The website mentioned in this episode: AARP Fraud Fighter Call Center

This post about retirement and Retirement Lifestyle first appeared on http://RockYourRetirement.com

Woodworking: A Great Retirement Hobby

Woodworking for Retirement

Woodworking: A Great Retirement Hobby

By Robert Johnson

Do you feel like using your hands to create something useful and beautiful out of nothing? Is your mind itching for a challenge? Are you in need of a new hobby? Well, woodworking might just be for you!

Now, learning a new skill might not be a top priority once you reach retirement, but it does have nifty benefits especially when it concerns your health. You see, a hobby is not just there so that you have a thing to keep you preoccupied. If it is as good as woodworking, it covers more than just the pleasure you derive from the activity—there would also be positive effects in other aspects of your life.

Let’s take it one benefit at a time:

Woodworking will keep you social

Woodworking classes at your community would, at least. While the current technology affords one to use even just your mobile phone, search for courses through apps and learn at your own pace, for some, nothing quite beats being in an actual classroom. It’s better to use your phone to search for nearby organizations that offer woodworking classes!

For those who have fewer opportunities for interaction with other people, this is a good way to widen one’s social circle. Besides beginning the same hobby, friendships could be established by exploring other interests and experiences, and working together on a common goal, say, a community project. And that is a good thing for the mind: being social delays memory problems and cognitive illnesses.

And who knows, if your skills are up to par, your creations can make for great gifts to family and friends!

But if you’re not a beginner…

Volunteering for workshops can be great for your mental state

Not every senior who will be interested in the hobby will be a beginner. When you feel that the classes are not up to your level, you can offer to share your knowledge instead. Facilities can always use a little help from volunteers. Practicing something you are good at regularly contributes to happiness and satisfaction. Plus, it is always good for your self-esteem to feel that you are making a difference even in a very personal way.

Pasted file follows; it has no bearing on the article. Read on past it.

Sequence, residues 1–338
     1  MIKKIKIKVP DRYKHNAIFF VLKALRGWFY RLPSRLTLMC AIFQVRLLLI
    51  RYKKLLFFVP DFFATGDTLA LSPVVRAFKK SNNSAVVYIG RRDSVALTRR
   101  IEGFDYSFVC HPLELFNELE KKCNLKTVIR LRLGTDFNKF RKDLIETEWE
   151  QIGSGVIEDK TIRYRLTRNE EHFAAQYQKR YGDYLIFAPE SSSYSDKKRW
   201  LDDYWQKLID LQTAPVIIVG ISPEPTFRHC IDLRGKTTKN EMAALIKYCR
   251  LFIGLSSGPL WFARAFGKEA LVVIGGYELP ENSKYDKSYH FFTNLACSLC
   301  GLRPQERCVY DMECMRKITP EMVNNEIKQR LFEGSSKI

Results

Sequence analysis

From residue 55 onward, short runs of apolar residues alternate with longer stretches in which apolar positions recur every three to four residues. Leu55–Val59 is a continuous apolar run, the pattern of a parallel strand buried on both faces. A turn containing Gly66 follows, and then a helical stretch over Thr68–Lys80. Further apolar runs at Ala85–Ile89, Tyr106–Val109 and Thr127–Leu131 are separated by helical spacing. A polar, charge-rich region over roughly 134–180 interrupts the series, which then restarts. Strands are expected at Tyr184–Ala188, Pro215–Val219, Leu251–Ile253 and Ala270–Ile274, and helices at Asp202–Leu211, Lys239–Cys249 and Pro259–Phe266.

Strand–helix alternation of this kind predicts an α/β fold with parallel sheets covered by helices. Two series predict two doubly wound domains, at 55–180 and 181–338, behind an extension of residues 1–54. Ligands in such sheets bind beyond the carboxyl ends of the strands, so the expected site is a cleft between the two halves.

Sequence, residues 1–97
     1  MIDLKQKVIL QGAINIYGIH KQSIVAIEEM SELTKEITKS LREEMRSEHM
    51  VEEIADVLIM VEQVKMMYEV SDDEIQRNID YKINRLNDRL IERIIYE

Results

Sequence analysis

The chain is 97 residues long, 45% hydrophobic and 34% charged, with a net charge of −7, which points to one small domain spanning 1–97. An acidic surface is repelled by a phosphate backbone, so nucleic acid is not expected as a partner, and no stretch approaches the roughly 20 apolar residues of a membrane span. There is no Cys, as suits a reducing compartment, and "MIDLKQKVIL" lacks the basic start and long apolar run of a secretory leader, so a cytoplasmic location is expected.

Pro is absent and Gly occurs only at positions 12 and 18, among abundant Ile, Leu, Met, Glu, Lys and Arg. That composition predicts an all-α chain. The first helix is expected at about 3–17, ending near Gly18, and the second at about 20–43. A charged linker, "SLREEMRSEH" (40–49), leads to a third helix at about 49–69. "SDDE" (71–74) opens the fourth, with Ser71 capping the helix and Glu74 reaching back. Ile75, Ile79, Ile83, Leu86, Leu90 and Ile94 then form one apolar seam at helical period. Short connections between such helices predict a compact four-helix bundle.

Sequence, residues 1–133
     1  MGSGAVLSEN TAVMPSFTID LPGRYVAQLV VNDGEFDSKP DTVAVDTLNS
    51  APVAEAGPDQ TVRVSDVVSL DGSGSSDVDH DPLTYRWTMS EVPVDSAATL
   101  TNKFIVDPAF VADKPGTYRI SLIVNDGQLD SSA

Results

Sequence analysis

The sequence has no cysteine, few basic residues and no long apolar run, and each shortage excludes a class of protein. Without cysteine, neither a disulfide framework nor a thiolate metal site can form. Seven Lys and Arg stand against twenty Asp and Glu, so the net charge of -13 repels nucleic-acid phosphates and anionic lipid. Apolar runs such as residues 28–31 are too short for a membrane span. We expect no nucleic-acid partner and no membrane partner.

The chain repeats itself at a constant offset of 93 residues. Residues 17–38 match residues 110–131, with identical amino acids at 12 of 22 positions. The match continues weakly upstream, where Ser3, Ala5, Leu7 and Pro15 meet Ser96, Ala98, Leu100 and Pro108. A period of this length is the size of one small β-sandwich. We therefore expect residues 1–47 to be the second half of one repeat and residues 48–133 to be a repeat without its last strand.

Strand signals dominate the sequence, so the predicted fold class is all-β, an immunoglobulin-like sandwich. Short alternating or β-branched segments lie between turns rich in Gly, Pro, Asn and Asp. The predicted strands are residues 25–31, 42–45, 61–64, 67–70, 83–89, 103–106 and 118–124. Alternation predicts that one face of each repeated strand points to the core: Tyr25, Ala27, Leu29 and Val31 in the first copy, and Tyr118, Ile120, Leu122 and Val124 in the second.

It’s great maintenance for both the body and the mind

Woodworking takes some physical exertion (and can come with some risk, which is why it is ideal for seniors to do it with other students), but it is worth the effort. The activity can be considered a low-impact exercise, so it does not have to be hard on the body. You can even be seated while working on your craft and you would still end up reaping some of the health benefits! That’s really something now, isn’t it?

But it’s not only the physique that becomes fit. The mind, too, can be in tip-top shape through woodworking. The aging brain has been associated with weak memory and general cognitive decline, but hobbies like woodworking can keep you sharp by always engaging it. Creating furniture, especially for the first time, can be challenging to the mind, and design can force one to be creative. This, and preventing dementia are proven by studies, the most recent of which perhaps is a Mayo Clinic research that found that the crafts decrease mild cognitive impairment by at least 45%.

So, there you have it, we have covered the basics of what could possibly draw you in with woodworking. Keeping an active social life, gaining satisfaction from the opportunity to share knowledge and help, and maintaining a fit body and mind are good enough reasons to reach out to your nearest center. In the end, you might actually go because of the potential for it to be a truly enjoyable experience. Don’t worry about the tools—you’ll learn everything you need there.

55 Plus Community Search: Mixed Feelings